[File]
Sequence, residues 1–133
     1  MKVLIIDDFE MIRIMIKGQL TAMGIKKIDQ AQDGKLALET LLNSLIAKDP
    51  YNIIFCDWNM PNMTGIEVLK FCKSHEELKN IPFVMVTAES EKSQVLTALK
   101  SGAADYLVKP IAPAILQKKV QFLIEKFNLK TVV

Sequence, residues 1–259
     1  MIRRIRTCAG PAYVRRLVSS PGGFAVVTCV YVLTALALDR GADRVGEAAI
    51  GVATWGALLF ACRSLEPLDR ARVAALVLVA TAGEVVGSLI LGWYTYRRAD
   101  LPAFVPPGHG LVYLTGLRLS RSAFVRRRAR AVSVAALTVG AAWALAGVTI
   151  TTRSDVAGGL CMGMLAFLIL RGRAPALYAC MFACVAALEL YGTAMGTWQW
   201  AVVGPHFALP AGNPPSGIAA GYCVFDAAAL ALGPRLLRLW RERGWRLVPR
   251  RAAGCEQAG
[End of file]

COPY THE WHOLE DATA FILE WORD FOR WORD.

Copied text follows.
Sequence, residues 1–133
     1  MKVLIIDDFE MIRIMIKGQL TAMGIKKIDQ AQDGKLALET LLNSLIAKDP
    51  YNIIFCDWNM PNMTGIEVLK FCKSHEELKN IPFVMVTAES EKSQVLTALK
   101  SGAADYLVKP IAPAILQKKV QFLIEKFNLK TVV

Sequence, residues 1–259
     1  MIRRIRTCAG PAYVRRLVSS PGGFAVVTCV YVLTALALDR GADRVGEAAI
    51  GVATWGALLF ACRSLEPLDR ARVAALVLVA TAGEVVGSLI LGWYTYRRAD
   101  LPAFVPPGHG LVYLTGLRLS RSAFVRRRAR AVSVAALTVG AAWALAGVTI
   151  TTRSDVAGGL CMGMLAFLIL RGRAPALYAC MFACVAALEL YGTAMGTWQW
   201  AVVGPHFALP AGNPPSGIAA GYCVFDAAAL ALGPRLLRLW RERGWRLVPR
   251  RAAGCEQAG